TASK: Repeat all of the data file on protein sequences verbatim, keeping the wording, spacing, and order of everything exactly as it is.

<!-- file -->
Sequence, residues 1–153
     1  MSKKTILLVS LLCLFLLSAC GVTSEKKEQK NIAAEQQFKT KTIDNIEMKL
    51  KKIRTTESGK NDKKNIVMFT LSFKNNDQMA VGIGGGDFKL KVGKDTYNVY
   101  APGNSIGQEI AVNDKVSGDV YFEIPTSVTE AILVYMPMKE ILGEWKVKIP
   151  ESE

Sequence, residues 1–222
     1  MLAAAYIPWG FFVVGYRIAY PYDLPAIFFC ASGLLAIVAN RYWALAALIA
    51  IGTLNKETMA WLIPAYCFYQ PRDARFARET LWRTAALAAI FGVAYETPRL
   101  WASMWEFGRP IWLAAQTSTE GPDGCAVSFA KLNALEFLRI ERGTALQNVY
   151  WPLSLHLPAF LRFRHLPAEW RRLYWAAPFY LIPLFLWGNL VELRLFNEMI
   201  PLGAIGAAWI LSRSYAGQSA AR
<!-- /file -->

Sequence, residues 1–153
     1  MSKKTILLVS LLCLFLLSAC GVTSEKKEQK NIAAEQQFKT KTIDNIEMKL
    51  KKIRTTESGK NDKKNIVMFT LSFKNNDQMA VGIGGGDFKL KVGKDTYNVY
   101  APGNSIGQEI AVNDKVSGDV YFEIPTSVTE AILVYMPMKE ILGEWKVKIP
   151  ESE

Sequence, residues 1–222
     1  MLAAAYIPWG FFVVGYRIAY PYDLPAIFFC ASGLLAIVAN RYWALAALIA
    51  IGTLNKETMA WLIPAYCFYQ PRDARFARET LWRTAALAAI FGVAYETPRL
   101  WASMWEFGRP IWLAAQTSTE GPDGCAVSFA KLNALEFLRI ERGTALQNVY
   151  WPLSLHLPAF LRFRHLPAEW RRLYWAAPFY LIPLFLWGNL VELRLFNEMI
   201  PLGAIGAAWI LSRSYAGQSA AR